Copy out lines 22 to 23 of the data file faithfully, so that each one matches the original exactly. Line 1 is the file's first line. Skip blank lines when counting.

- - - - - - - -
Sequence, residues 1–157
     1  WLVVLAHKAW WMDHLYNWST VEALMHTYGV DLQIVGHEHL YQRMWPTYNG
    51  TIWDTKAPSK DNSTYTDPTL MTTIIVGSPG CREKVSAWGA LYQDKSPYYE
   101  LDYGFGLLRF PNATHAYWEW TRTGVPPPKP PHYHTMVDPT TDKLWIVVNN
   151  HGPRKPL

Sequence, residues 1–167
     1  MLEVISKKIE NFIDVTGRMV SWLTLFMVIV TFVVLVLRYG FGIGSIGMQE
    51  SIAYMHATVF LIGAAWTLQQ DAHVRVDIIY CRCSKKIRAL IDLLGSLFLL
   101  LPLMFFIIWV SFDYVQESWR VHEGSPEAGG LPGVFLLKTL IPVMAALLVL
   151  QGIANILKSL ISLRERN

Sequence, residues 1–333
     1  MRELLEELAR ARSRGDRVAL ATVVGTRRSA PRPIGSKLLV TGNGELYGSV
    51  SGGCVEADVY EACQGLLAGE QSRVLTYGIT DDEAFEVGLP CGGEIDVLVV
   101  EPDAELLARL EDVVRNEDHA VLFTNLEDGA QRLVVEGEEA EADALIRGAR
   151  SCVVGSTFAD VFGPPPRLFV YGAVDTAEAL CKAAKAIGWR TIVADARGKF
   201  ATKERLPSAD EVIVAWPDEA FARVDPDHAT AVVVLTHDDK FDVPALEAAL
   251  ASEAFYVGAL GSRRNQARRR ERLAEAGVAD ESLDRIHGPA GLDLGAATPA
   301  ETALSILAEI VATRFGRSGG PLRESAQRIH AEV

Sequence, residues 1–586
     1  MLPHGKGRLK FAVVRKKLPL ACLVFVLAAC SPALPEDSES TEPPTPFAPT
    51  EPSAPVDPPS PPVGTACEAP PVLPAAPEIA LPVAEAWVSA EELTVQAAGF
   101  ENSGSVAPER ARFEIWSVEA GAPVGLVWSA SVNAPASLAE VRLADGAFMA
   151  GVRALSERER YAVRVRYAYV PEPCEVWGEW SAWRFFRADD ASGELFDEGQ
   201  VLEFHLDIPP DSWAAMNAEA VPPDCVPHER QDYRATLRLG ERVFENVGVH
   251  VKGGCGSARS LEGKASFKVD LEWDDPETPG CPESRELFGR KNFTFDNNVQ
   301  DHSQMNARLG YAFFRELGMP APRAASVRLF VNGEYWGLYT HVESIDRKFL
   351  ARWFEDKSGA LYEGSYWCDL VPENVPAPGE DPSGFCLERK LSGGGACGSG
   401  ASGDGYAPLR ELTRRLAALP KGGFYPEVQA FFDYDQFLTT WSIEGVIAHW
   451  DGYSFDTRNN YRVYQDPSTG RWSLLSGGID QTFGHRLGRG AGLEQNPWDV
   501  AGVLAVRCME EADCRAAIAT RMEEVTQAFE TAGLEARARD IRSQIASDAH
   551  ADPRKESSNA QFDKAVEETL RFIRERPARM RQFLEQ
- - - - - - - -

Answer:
   101  ENSGSVAPER ARFEIWSVEA GAPVGLVWSA SVNAPASLAE VRLADGAFMA
   151  GVRALSERER YAVRVRYAYV PEPCEVWGEW SAWRFFRADD ASGELFDEGQ